What is strength?
Do you feel strong? DO you? Are you a tough mother? On the hard days? Where does your strength come from? I often wondered if I was strong. I was made to feel very weak at times in my younger days. As a mom of a newborn, I usually felt some confidence due to my many years in the daycare field. As I have mentioned before, seeing other mom's "mistakes" and having a sage guide in a very smart older mom and co-worker, I learned quickly how I wanted to parent and what resonated with me. That confidence was very surface though and only lasted through my so called expertise with newborns. As any mom knows that is a very short lived stage.
One particular time, with my first-born, when she was a toddler, I was able to identify that I had suddenly run out of experience, like you identify a Mac truck after it hits you. I was attending a Bible study group in a childless home. The hosts were newly married and all the lovely things they had gotten as gifts were on display, all of them breakable and all on end tables which, oddly enough are exactly toddler height! Also, they were pretty and shiny and my girl could not help but be attracted to them. Well, I was not able to study much of anything that night except how to outwit my daughter. I also saw how lacking I was in the ways of an energized toddler. My own strength had given out.
Strong is "showing up."
But, did you know that a strong mom keeps showing up? That should be one of the definitions of the word. An actual definition of the word is "having the power to perform physically demanding tasks" And "able to withstand great force or pressure." Ah! There is where all moms lie (HA! Moms hardly get to lie anywhere for long). Every mom I know is withstanding great pressure. It comes at us from every side, inside and out . We are pressed, but not crushed. I find my strength often in Scripture. I also find it in reaching out to those who are in my circle who can lift me up and remind me, this is hard and listen to my struggles and keep on encouraging me to "show up." They help me to get back in there and be a mom to my kids. Strong is often remembering that your style might not be the same as another mom you are comparing yourself to. It is a super power, in my humble opinion, to go the way you know your kids respond best and not the current parenting direction.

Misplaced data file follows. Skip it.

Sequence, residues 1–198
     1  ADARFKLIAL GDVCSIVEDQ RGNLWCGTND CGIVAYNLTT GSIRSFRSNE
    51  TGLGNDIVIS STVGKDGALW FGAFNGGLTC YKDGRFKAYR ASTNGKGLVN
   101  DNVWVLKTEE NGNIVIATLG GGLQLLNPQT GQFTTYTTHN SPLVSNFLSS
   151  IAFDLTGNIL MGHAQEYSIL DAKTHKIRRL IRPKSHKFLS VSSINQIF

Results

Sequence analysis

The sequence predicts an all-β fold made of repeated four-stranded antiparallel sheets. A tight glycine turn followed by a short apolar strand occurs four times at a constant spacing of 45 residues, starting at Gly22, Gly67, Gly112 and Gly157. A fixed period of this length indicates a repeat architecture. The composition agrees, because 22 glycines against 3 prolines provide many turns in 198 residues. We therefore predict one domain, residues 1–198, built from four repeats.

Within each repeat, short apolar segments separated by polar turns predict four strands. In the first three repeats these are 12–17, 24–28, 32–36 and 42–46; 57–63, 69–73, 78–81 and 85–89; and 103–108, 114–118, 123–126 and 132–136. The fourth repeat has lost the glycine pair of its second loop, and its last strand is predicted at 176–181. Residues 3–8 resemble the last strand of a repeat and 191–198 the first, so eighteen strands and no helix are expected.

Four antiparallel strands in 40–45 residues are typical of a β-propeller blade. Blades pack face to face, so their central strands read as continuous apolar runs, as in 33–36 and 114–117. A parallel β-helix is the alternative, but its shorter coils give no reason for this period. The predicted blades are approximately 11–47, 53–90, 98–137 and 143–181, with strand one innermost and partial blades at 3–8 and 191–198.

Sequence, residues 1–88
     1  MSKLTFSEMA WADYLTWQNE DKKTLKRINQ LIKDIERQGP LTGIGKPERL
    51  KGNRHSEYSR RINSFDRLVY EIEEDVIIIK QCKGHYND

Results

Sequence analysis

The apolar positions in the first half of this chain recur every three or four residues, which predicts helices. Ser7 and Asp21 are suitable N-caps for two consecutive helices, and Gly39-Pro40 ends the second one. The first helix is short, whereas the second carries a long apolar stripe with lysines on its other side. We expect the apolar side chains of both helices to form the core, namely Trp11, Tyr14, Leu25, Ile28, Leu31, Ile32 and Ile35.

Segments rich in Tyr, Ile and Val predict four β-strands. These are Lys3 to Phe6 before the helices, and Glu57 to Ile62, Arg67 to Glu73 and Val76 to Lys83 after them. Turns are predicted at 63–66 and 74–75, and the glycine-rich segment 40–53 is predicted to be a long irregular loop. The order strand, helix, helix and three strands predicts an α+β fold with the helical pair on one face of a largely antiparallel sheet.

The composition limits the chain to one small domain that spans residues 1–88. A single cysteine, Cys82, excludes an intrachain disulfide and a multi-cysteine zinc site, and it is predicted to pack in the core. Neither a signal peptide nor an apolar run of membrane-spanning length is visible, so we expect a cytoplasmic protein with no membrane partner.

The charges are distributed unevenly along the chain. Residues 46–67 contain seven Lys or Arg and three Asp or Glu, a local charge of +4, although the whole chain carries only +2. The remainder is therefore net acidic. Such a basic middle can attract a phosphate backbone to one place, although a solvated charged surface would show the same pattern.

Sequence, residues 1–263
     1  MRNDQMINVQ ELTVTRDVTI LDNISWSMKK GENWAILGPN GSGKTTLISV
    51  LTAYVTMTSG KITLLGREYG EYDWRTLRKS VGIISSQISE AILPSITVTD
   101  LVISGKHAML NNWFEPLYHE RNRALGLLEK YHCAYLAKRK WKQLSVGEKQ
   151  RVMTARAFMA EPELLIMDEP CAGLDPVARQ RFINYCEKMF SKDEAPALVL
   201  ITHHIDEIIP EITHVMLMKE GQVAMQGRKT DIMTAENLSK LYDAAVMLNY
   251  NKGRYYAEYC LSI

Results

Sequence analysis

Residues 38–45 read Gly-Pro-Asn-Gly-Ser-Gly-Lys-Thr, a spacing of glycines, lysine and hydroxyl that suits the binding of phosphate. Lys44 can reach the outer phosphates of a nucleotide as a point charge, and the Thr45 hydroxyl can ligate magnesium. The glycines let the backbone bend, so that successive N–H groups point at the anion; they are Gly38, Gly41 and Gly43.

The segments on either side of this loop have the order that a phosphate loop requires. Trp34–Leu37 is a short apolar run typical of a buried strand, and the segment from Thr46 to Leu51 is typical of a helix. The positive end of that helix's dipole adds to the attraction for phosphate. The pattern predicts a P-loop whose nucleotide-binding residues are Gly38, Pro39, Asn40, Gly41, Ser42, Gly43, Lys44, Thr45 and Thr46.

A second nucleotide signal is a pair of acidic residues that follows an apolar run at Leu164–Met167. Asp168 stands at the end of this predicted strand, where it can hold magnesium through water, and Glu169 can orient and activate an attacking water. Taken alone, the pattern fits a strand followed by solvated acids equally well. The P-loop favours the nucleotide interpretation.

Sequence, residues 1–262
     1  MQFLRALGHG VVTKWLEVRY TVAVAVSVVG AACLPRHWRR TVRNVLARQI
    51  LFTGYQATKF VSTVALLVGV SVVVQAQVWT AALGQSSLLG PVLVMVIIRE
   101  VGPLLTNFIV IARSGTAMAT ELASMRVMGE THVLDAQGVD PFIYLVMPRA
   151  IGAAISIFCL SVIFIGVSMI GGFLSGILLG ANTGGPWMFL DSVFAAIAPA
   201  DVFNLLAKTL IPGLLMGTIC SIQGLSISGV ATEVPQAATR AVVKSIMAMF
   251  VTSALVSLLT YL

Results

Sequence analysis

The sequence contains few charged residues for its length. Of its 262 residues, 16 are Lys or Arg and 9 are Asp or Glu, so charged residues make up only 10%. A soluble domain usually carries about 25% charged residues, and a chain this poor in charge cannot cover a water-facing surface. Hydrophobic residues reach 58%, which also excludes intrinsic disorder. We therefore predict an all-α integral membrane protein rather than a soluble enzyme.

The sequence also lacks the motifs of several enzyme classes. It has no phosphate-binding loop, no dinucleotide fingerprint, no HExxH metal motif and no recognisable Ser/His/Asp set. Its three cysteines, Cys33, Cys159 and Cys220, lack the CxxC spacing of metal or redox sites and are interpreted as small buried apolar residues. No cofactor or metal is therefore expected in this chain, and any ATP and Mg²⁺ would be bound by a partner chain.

Strong is smart.
So in that way, strong is also smart. Being a detective, It means studying your children and course correcting your tactics to fit the child. I had one young child who would sit up and pay attention when I got stern, a different daughter took that as a challenge to press harder. I had to learn this and make different decisions based on my new knowledge. That is strong, that is brave! It is counter-cultural because there are moms who only do what current research says is the right way. They spent pregnancy and each hour of nap time honing a one-size-fits-all parenting method. It may have even worked for her first child but when the rule breaker comes, she is left fighting tooth and nail for the title of mom who won out (child who had to conform) or she was left feeling failure (which no mom who loves her child ever is). The former might have a false sense of strength while the latter feels defeated. The truth is the mom who "shows up" is the strong one. Playing detective is hard! Being a mom who makes mistakes and then apologizes and tries again....really freakin' strong!
What makes you feel strong?
Again, I ask, do you feel strong? Have you been down to the dregs and are still standing? That is crazy strong. Do you know who to message, what to read, what self-care to practice when you are feeling weak and worn and oh! so weary? That is a super power. Take some time today to help identify what makes you feel strong. Do that thing even when you are not down. Take that time. If there is a nap during the children's day, do it then. Dishes can wait, email can too. If they are too old to nap, make that bedroom a safe place where they can be and tell them it is one hour of quiet time. My Grammy who was my caregiver while my parents worked had this rule all through the years she took care of us. I suspect it was for her sanity but I know it has helped me as an introvert find my rest. Sometimes she had to vehemently enforce it, but we got the message, loud and clear, no negotiation on "nap time."
Strong is not putting on the mask of "I've got it all together" and telling yourself, once more into the breech. It is often in the backing off and seeing the places you need help. Super strength is asking for help in those places. It is vulnerable and awkward but if you can do it you are helping others to feel empowered to do it too. Like I learned from Grammy, I share with my children as I take a quiet break myself. Be different. I am counting on you to share your gifts with those around you. I am counting on you to be authentic. I am counting on you to be strong in these ways.
Paula is a single mother of 3. Follow along on her journeys of motherhood and her fulfilling work as a postpartum doula